Sur Mes Lèvres [Read My Lips] (2001)

It’s strange, I never even noted the production or release years of this film and, due to a colour filter used on the cover, was under the impression it was from the 60s or 70s. Of course, it was 30 or 40 years later that it was actually made, and that results in a completely different framework for the filmmakers to start from. I felt some tingle of recognition from the name Vincent Cassel, but I couldn’t place it. Looking up his credits, I’m still not sure why. Yeah, I’ve seen Le Pacte des Loups (The Brotherhood of the Wolf) and Elizabeth and want to see The Messenger: The Story of Joan of Arc, but I can’t think of him in any of those movies.

Carla (Emmanuelle Devos) is a mostly deaf woman working as a secretary in an office. She uses two earpieces to manage normal hearing, keeping her hair down over them out of a certain shyness about this, but is still trod upon–more likely due to her quiet demeanour, politeness and occupational position than her disability, though that remains a likely culprit as well.She reads lips–hence the title–but does primarily use her aids. When she finally faints one day at work, her boss offers to hire an assistant for her–kind of a pleasant surprise, a helpful boss with all of these disrespectful coworkers?–and she accepts this. Her friend Annie (Olivia Bonamy) mentions her very, very active sex life and re-ignites Carla’s lust, leading her to specifically request a young, male in particular for the assistant’s position she’s been allowed to hire. Enter Paul (Vincent Cassel), a rather dishevelled gentleman with a grubby moustache who says he has come to take the position on. Immediately defensive, Carla interviews him and finds him attractive, but is wary of the fact that he has just left prison. Still, she finds herself helping him to temporary housing, new clothes and his job–for which he is horribly undereducated–leading him into a feeling of obligation, which he first mistakes for something she wants only privately and is too shocked to accept when offered. Instead, she asks for his help as an ex-thief, to regain the work–and associated benefits–that she has been denied by self-serving coworkers. Soon the two are entangled in using their respective talents to benefit the other in illicit ways, growing closer in a dark, lusty way, rather than a cute romance–though certainly there’s a bit of that kind of chemistry between the two actors.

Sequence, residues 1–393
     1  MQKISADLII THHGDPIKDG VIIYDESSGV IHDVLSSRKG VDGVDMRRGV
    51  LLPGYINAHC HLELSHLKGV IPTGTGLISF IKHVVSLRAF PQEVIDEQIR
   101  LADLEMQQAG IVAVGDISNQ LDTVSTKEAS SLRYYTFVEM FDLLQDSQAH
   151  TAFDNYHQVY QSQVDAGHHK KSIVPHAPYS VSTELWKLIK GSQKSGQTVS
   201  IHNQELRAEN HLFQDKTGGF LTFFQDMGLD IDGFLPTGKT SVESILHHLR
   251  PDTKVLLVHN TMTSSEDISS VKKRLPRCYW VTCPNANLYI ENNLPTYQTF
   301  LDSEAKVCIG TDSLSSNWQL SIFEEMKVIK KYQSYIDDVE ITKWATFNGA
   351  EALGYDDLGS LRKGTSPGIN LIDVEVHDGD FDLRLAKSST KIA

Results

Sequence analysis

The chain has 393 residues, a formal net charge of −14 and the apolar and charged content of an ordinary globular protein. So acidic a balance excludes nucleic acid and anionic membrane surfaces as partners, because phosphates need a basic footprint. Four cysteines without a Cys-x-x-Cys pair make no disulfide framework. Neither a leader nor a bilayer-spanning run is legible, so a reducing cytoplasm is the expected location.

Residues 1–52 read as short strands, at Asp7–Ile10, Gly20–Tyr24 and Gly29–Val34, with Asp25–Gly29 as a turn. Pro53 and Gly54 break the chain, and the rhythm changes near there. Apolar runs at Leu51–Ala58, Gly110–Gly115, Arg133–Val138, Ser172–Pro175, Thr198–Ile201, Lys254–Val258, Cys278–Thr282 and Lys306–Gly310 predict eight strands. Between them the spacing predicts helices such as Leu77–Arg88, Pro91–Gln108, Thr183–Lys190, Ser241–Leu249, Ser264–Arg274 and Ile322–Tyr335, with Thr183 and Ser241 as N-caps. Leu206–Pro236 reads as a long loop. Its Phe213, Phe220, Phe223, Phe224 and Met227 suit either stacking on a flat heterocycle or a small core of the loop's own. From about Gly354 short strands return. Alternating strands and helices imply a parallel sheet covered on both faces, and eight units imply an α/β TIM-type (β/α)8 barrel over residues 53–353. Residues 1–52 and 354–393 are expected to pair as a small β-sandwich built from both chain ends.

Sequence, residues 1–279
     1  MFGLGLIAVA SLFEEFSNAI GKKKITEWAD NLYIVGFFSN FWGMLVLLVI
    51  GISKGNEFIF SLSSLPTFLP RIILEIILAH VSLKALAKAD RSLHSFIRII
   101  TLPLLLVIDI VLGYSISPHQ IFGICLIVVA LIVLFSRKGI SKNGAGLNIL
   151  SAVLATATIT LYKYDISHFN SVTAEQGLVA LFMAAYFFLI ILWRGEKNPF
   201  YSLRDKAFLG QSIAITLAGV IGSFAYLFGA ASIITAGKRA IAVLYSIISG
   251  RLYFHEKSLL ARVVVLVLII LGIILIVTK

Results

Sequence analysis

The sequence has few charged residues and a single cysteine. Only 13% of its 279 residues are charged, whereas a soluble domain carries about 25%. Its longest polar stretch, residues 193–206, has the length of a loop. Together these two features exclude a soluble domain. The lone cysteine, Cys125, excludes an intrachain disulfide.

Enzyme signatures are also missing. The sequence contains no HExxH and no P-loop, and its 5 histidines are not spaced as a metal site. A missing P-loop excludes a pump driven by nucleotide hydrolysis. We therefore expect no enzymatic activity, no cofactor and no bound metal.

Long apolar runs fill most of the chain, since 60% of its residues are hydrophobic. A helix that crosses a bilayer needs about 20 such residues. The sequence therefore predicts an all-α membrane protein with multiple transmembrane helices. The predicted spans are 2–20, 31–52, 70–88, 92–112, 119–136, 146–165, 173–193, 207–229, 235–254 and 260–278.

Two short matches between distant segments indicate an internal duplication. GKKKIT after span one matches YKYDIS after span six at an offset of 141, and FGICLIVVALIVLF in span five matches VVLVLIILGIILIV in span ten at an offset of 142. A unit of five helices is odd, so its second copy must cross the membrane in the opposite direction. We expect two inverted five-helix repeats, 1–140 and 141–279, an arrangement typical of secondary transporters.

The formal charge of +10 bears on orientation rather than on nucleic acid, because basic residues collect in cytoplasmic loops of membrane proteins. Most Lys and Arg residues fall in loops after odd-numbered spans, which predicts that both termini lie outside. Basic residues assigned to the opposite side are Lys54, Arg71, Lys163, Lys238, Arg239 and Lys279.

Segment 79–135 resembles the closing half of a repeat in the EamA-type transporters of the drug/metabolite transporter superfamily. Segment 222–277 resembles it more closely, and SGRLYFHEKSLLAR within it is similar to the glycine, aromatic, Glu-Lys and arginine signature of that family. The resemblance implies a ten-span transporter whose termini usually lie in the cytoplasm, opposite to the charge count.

Devos is excellent in her role, showing a strong woman cowed too many times, who remains just as submissive in most situations but will take a dominant position eventually when given the tools and opportunity to take it. Paul is reluctant to get involved in illicit activities again, taking his parole seriously, with hawk-eyed parole officer Masson (Olivier Perrier) interviewing him regularly about his progress. He is drawn in unwillingly though, and Cassel manages these transitions just as well as Devos does hers, the two circling each other in a mating dance that almost seems to bear points of hostility to prove oneself to the projected mate. It’s fascinating, and with a supporting cast composed primarily of unseemly characters like loan shark Marchand (Olivier Gourmet)* that manages to push and prod the two of them into increasingly dangerous territory, a movie that starts out about the social position inhabited by the disabled rapidly turns into a clever, intelligent thriller of intense suspense that uses audio cues to manipulate the audience into sharing in Carla’s way of hearing the world–audio is muffled when her aids are off, and accompanied by the rustle of them being replaced when she replaces them–and brings us ever closer to her view of everything.

*OK, what is this, “Oliver Foodterm” movie? I know, I know, they’re French words with those associations in English, but two in one movie?

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